Hernando “Nanie” Guanlao is a Filipino free reading advocate. As a man in his early 60s with an abiding passion for books, he set up an informal library outside his house in 1454 Balagtas Street in Barangay La Paz, Makati to share his passion and encourage people of reading. He gave up on his job and survives purely on his savings to maintain the library.
Early life and education
Nanie is the second of five children born to government employees Honorio and Felisa Guanlao. He was introduced to books, at an early age, in pursuit of academic perfection.
Guanlao was not into reading books until his first year in College at the Philippine College of Commerce where he took up accounting that he visited the Theosophical Society in Quezon City. The said institution showcased publications which are usually banned in commercial stores and are very expensive to afford.
After college, Guanlao worked for an accountancy firm. He also sold ice cream and baked goods. He also worked for the government. Throughout that time, he has also been self-employed as a remedial tax practitioner and helped people with trouble of filing their taxes.
The Reading Club 2000
Guanlao started the library, which is formally called The Reading Club 2000 or The Library in Balagtas Street, in 2000, shortly after the death of his parents. To honor their memory and to start a unique form of community service, he decided to set up a library to promote the reading habit he inherited from them. He put the books, a collection of fewer than 100 and majority of which are old textbooks, outside the door of his house and waited if anyone would want to borrow them. They did and even brought the books back with other books to join the collection. Currently, about 3000 to 4000 books are on the shelves and in the stacked boxes in the stairs. The library is open 24 hours a day, seven days a week.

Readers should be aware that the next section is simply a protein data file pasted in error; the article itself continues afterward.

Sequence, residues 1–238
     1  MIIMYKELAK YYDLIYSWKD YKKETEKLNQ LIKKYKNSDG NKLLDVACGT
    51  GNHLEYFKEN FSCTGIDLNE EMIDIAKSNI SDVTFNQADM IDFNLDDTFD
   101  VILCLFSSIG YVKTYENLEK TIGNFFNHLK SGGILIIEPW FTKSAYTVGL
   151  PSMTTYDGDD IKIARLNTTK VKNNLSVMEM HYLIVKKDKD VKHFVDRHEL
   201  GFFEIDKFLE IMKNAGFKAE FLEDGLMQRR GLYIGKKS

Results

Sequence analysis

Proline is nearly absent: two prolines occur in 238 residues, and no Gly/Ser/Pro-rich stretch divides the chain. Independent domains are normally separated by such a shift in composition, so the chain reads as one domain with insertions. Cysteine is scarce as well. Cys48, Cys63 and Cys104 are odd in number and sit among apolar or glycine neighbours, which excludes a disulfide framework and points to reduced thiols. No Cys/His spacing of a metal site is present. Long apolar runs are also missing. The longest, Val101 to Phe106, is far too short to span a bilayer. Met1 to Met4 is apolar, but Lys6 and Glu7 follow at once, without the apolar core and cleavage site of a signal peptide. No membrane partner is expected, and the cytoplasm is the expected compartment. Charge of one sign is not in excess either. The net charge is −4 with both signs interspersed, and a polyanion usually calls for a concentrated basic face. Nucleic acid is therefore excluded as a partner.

Readers can take away as many books as they want, for as long as they like. But, for the twelve years that Guanlao has been running the library, he has found out that his collection has grown as more people donate to the cause.
Guanlao emphasized the importance of libraries. He added that the Republic Act-RA 7743, which aims for the provision and establishment of libraries on the barangay, municipal, city and congressional levels, exists but is not being implemented properly.
In an interview with the Philippine Daily Inquirer, he said that "You don't do justice to these books if you put them in a cabinet or a box. A book should be used and reused. It has life, it has a message. As a book caretaker, you become a full man.”
Other than his wife Lourdes and their children Lyell, Hansel and Honorio III who help spread the word about the value of literacy, their neighbor Celine, helps sustain the library. She donates books as she says that she loves the concept of the library. She added that Filipinos, especially those who are not wealthy, have limited access to books. She recalled that she has not been able to visit any public library except for the National Library in Manila. She added that books, on the average, cost about PHP 300 and considering the income of Filipino parents, they would rather allot their money on other priorities.
Guanlao is also into a mobile library called “book bike” to go and help the poorest communities in Manila. He brings with him a large basket piled high with books, newspapers and magazines. He has already shared several boxes of books to a man who's been trying to set up a library in Bicol. He is about to help another friend start up a library in the far south of the Philippines.
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